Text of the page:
In fact, a recently issued report from Javelin Strategy & Research estimates that it could take until 2018 for EMV chip-embedded cards to become commonplace in the U.S. The report predicts (not surprisingly) that big-box retailers will lead the way in installing EMV-capable terminals, but that small and micro-businesses will lag behind. It estimates that EMV readiness among retail establishments with fewer than 20 employees will not exceed 25 percent by next October.

A lack of awareness of the migration to EMV in the U.S. and what it means to them is the main reason for this high level of anticipated unpreparedness among small merchants, according to the Javelin report. More than half (53 percent) of the small merchants who responded to the survey said they had no knowledge, or very limited knowledge, of EMV. In addition, 50 percent said they had little or no knowledge that the liability for counterfeit card fraud will shift next October to merchants not equipped to read chip cards.

Consumers are even less knowledgeable about EMV. In a survey conducted by Phoenix Marketing International, nearly 90 percent of consumers said they know very little if anything about EMV.

What You Should Do Now

If your business accepts credit and debit cards for payment at the point of sale, then you should make upgrading your POS equipment and infrastructure a top priority between now and next October. At that time, if a customer presents a chip-embedded card to you for payment but you have not yet installed an EMV enabled POS terminal, your business — not the bank — will assume liability for any credit card fraud loss that occurs with the transaction.

Upgrading your POS equipment is not just a defensive measure to guard against assuming liability. It will also enable you to take advantage of new payment options made possible by dual-interface EMV-capable terminals, including contact and contactless transactions (i.e., tapping or waving the card instead of inserting it into the terminal).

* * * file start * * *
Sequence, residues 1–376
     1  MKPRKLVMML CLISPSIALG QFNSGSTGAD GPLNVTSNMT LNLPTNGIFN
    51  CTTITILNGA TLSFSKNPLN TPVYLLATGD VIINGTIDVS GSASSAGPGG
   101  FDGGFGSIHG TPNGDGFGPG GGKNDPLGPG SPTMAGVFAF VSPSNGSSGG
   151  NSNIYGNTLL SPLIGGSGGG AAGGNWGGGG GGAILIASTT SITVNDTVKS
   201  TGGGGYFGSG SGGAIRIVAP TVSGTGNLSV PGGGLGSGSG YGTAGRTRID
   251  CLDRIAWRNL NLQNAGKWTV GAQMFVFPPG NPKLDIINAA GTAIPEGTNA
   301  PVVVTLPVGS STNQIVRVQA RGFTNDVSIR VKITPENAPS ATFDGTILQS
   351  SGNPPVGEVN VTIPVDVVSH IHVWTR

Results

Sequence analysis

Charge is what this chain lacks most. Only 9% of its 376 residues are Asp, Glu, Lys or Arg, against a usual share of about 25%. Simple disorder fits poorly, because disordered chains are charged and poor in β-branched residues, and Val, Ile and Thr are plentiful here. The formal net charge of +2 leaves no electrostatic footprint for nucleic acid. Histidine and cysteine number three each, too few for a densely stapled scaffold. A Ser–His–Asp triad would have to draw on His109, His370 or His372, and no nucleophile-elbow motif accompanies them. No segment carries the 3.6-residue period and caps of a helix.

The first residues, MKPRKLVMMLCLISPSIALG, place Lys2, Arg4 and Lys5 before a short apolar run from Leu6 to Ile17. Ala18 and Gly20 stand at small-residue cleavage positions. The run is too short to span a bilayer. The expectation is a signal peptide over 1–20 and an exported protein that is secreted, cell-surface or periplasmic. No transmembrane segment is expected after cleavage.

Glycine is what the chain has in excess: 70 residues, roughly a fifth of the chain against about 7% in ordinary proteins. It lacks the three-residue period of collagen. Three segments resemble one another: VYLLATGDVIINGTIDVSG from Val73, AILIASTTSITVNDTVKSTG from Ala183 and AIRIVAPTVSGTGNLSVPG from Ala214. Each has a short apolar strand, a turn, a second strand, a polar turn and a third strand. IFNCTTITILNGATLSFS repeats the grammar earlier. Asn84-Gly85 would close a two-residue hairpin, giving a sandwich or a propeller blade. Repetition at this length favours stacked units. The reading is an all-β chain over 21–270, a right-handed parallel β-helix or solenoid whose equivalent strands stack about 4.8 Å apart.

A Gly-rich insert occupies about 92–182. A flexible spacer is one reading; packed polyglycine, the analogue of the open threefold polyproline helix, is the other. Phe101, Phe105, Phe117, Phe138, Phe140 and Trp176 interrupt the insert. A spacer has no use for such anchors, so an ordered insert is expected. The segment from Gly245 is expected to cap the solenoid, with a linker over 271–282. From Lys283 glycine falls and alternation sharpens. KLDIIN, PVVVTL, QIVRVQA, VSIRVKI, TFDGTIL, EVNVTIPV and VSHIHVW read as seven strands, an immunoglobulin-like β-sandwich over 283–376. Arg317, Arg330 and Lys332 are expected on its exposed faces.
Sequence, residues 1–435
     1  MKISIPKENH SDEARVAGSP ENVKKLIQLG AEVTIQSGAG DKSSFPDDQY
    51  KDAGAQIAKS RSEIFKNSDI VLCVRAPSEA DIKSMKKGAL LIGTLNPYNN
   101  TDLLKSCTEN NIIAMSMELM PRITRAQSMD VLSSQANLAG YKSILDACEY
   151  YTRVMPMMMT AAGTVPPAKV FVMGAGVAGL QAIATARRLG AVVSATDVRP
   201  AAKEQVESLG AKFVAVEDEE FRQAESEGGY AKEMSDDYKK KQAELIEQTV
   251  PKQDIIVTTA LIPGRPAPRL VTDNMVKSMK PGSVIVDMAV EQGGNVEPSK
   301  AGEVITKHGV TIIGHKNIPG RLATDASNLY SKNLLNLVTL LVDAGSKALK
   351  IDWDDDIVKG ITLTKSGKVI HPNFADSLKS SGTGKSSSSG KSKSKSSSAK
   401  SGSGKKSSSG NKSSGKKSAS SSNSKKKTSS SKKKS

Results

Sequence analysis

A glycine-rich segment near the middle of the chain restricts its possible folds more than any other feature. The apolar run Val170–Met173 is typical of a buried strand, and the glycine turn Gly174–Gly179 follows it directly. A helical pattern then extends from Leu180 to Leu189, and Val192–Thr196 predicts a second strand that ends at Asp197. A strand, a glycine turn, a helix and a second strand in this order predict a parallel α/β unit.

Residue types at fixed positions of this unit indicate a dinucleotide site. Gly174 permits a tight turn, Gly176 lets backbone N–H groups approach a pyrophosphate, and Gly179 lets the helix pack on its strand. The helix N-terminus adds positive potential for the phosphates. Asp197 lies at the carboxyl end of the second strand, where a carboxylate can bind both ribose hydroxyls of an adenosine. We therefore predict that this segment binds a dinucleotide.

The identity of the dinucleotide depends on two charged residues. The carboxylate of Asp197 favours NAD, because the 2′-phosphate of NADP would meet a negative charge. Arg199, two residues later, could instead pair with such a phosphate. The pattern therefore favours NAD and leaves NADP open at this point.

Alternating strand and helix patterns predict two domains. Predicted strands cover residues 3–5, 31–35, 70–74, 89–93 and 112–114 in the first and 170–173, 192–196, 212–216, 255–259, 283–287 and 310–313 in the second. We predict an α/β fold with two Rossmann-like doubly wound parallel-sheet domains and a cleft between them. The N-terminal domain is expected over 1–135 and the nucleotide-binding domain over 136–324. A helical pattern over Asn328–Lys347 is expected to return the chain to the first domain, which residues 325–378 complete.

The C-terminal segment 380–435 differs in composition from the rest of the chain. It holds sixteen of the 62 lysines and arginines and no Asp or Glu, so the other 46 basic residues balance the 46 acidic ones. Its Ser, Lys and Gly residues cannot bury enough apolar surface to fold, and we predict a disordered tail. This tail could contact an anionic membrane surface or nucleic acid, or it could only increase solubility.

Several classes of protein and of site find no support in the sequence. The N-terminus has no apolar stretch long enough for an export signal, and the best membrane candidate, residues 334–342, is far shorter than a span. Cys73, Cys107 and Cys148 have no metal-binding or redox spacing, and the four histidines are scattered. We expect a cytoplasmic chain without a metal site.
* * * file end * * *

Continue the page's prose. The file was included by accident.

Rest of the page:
It’s not too early to start planning for acquiring new EMV enabled terminals for your business. To learn more about these and other treasury management tools offered by City National Bank, give us a call at (800) 599-0020. Or Contact us to request that a Relationship Manager contact you about how EMV will affect your business and how City National can help you prepare for the October 2015 deadline. For a limited time only, save up to $2251 for each chip-enabled machine you purchase.

1Elavon is City National’s exclusive provider of Merchant Services. Services provided by Elavon are subject to a separate agreement and terms provided at the time of application approval. Limited-time offer available from Elavon between October 1, 2014 and December 31, 2014. A processing account must be established with City National Bank and Elavon to take advantage of this offer. Discount will be applied upfront to the purchase of select equipment, including the Verifone VX520 or Ingenico ICT250 for $575 plus applicable taxes. Other equipment options are available at standard pricing. This offer can be modified, voided, or discontinued at any time.